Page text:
oposals, which France had made for a peace, contained in a letter from the elector of Bavaria to the duke of Marlborough, were communicated to the ministers of the allies,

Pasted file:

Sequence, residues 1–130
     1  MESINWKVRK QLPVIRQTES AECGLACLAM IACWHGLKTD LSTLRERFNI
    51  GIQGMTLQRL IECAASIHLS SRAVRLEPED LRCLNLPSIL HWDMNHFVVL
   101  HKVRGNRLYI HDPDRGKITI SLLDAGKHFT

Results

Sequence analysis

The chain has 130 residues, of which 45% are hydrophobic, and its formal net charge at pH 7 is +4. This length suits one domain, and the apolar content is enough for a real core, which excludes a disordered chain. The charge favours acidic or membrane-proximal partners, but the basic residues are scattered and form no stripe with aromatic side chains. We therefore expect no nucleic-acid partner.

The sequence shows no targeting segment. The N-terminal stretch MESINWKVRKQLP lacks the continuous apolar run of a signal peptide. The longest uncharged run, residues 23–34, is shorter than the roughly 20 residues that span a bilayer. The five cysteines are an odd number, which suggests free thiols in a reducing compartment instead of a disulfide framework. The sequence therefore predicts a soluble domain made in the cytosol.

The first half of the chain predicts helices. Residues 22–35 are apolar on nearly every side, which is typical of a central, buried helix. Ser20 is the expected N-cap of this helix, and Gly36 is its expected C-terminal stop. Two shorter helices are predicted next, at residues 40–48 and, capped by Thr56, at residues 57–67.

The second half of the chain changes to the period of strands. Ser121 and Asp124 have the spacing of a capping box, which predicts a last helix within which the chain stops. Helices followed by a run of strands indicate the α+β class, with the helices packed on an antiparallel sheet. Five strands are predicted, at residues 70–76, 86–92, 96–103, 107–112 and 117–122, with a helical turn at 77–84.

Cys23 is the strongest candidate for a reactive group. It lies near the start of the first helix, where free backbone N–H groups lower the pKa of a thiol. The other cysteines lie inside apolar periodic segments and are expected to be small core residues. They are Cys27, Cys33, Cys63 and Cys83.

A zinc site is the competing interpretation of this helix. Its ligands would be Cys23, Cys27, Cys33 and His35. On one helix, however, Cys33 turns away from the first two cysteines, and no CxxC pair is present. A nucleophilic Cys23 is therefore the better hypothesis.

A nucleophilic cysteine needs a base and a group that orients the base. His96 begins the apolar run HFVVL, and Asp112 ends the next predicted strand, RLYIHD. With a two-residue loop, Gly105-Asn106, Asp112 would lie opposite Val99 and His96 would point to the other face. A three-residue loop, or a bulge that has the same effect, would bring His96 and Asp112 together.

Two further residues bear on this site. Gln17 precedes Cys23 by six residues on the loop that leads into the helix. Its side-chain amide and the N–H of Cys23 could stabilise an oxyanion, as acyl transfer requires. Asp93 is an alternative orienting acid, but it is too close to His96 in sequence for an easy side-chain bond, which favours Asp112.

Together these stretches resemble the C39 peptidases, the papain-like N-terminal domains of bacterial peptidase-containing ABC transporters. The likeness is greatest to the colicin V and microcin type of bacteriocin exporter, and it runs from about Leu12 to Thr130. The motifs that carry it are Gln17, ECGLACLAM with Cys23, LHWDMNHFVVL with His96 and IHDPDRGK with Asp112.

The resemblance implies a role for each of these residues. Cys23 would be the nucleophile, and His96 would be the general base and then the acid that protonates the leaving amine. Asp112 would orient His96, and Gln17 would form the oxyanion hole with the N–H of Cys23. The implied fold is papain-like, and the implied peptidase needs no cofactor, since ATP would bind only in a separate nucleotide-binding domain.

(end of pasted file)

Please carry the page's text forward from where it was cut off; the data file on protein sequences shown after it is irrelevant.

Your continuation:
All things being concerted for rendering the next year’s campaign more successful than the former, the duke, in the beginning of April, 1706, embarked for Holland. This year the famous battle of Ramilies was fought, and won upon May 12, being Whitsunday. The duke was twice here in the utmost danger, once by a fall from his horse, and a second time by a cannon-shot, which took off the head of colonel Bingfield, as he was. holding the stirrup for him to remount. The advantages gained by this victory were so far improved by the vigilance and wisdom of the duke, that Louvain, Brussels, Mechlin, and even Ghent and Bruges, submitted to king Charles without a stroke; and Oudenard surrendered upon the first summons. The city of Antwerp followed this example; and thus, in the short space of a fortnight, the duke reduced all Brabant, and the marquisate of the holy empire, to the obedience of king Charles. He afterwards took the towns of Ostend, Menin, Dendermonde, and Aeth. The forces of the allies after this glorious campaign being about to separate, his grace went to the Hague Oct. 16, where the proposals, which France had made for a peace, contained in a letter from the elector of Bavaria to the duke of Marlborough, were communicated to the ministers of the allies, after which he embarked for England, and arrived at London Nov. 18, 1706 and though at this time there was a party formed against him at court, yet the great services he had done the nation, and the personal esteem the queen always had for him, procured him an universal good reception. The house of commons, in their address to the queen, spoke of the success of the campaign in general, and of the duke of Marlborough’s share in particular, in the strongest terms possible; and the day after unanimously voted him their thanks, as did the lords. They went still farther; for, Dec. 17, they addressed the queen for leave to bring in a bill to settle the duke’s honours upon the male and female issue of his daughters. This was granted; and Blenheim-house, with the manor of Woodstock, was, after the decease of the duchess, upon whom they were settled in jointure, entailed in the same manner with the honours. Two days after this, the standards and colours taken at Ramilies being carried in state through the city, in order to be hung up in Guildhall, the duke, by invitation, partook of a grand dinner with the lord-mayor. The last day of the year was appointed for a general thanksgiving, and her majesty went in state to St. Paul’s; in which there was this singularity observed, that it was the second thanksgiving within the year. Jan. 17, the house of commons presented an address to the queen, in which they signified, that as her majesty had built the house of Blenheim to perpetuate the memory of the duke of Marlborough* s services, and as the house of lords had ordered a bill for continuing his honours, so they were desirous to make some provision for the more honourable support of his dignity. In consequence of this, and of the queen’s answer, the pension of 5000l. per ann. from the post-office was settled in the manner the queen had formerly desired of another house of commons, which happened not to be in quite so good a temper.